Being a princess can be exhausting! At least becoming one can… You get a mean stepfather (yep), meaner stepsisters (check), and a whole lot of chores to do! Of course, you also get a grand ball, instant and undying love, and a really great bracelet too (glass slippers are so yesterday and way too breakable). Break out your tiara and set a date with this ultimate Virginia Opera rags-to-riches tale, and get ready for a larger-than-life operatic fairytale that’ll have you floating on air and home by midnight.

Approximate Runtime: 2 hours, 48 minutes

Sung in Italian with English Supertitles

The orchestra for this production is provided by the Richmond Symphony.

Join Dr. Glenn Winters for his “Opera Up Close” pre-curtain talk forty-five minutes before each performance for his informative and entertaining insights on each production.

The post Cinderella appeared first on Richmond Symphony.

Harry Potter and the Prisoner of Azkaban™ in Concert

Harry Potter and the Prisoner of Azkaban™ in Concert

The Richmond Symphony will present a full screening of “Harry Potter and the Prisoner of Azkaban™ live in concert. Fans can now experience the thrilling third installment of J.K. Rowling’s classic saga, accompanied by the music of a live symphony orchestra as Harry soars across the big screen.

Tickets are $52.50-$82.50 and can be purchased by visiting www.altriatheater.com or by calling 804.592.3368.

HARRY POTTER characters, names and related indicia are © & ™ Warner Bros. Entertainment Inc. WIZARDING WORLD trademark and logo © & ™ Warner Bros. Entertainment Inc. Publishing Rights © JKR. (s19)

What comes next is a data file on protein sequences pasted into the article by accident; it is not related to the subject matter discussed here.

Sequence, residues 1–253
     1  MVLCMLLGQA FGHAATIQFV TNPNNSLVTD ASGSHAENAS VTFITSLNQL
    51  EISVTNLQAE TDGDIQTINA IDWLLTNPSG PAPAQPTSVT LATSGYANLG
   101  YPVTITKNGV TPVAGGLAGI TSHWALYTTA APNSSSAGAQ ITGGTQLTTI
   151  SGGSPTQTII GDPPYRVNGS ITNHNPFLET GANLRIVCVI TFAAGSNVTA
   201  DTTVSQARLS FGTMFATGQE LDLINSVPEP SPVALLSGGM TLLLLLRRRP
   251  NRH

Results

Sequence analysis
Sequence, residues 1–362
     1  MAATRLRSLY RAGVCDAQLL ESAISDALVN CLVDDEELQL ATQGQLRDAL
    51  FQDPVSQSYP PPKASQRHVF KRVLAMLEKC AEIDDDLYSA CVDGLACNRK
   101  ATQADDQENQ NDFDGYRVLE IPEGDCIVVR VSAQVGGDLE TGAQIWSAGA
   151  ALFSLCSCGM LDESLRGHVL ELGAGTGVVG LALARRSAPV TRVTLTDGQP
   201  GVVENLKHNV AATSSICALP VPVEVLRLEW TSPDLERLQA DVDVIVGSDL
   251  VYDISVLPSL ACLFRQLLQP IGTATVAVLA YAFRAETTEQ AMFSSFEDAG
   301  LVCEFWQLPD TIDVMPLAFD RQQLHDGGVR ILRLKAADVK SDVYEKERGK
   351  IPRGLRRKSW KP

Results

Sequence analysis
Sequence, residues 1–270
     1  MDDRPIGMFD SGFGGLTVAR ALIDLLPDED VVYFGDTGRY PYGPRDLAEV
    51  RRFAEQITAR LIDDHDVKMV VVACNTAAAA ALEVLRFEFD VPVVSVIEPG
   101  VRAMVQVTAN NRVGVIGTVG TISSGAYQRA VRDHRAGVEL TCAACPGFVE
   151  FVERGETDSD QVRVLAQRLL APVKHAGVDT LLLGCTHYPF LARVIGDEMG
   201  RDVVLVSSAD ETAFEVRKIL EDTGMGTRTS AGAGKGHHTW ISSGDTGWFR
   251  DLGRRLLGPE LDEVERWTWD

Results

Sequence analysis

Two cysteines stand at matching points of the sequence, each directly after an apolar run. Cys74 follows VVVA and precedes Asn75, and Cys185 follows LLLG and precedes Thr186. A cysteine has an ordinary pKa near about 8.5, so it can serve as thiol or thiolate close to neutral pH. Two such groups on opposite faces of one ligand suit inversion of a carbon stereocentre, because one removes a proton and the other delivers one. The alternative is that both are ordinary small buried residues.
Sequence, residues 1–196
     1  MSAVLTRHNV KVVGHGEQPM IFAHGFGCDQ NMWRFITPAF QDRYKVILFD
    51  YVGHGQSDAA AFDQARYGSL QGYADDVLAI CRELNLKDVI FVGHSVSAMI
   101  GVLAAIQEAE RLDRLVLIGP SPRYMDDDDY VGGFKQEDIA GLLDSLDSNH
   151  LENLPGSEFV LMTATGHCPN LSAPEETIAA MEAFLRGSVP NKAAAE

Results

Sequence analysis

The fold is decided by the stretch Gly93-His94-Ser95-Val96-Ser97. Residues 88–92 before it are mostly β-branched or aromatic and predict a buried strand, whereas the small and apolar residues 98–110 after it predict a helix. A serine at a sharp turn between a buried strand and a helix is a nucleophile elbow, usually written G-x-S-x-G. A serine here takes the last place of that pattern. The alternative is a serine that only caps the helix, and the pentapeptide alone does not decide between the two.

The post Harry Potter and the Prisoner of Azkaban™ in Concert appeared first on Richmond Symphony.

Swan Lake

Swan Lake

Regarded by many as the pinnacle of classical ballet, Swan Lake opens on Valentine’s Day for four performances only. Xu Yan and Li Wentao, guest artists from the National Ballet of China, will share the stage with our incredible dancers, furthering the connections forged on our 2015 tour to China.

Featuring a spirited prince, beautiful swan queen, and evil sorcerer, this timeless tale of the struggle between good and evil has captivated ballet audiences for over 125 years. Tchaikovsky’s lush score and moonlit images of impossible grace weave together to create an unforgettable story of passion, illusion, and mystery.

The post Swan Lake appeared first on Richmond Symphony.

Tickets Available: IYKYK (if you know you know) 2019 Fall Senior Project Concert

Tickets Available: IYKYK (if you know you know) 2019 Fall Senior Project Concert

VCUarts Department of Dance and Choreography will present IYKYK  (if you know you know), the 2019 Fall Senior Project Concert, on Saturday, November 16th at 7:30PM at The Anderson (907 ½ W Franklin St.) and Saturday, November 22nd and 23rd at the Grace Street Theater (934 West Grace Street) Richmond, VA. Tickets are $15/$10 students with valid I.D. and free to VCU students with valid I.D.

Tickets are available now at Showclix.com or by calling 804-828-2020.

The performance on November 16 will feature a site-based work by senior Jenna Beardsley at The Anderson (no admission required), located at 907 ½ W Franklin St. The work will be performed three times between 7:30-8:30 pm, with 10 minute intermissions between the showings, followed by a one-hour dance party. The stage works, performed at the Grace Street Theater, will begin at 7:30 pm on November 22nd and 23rd.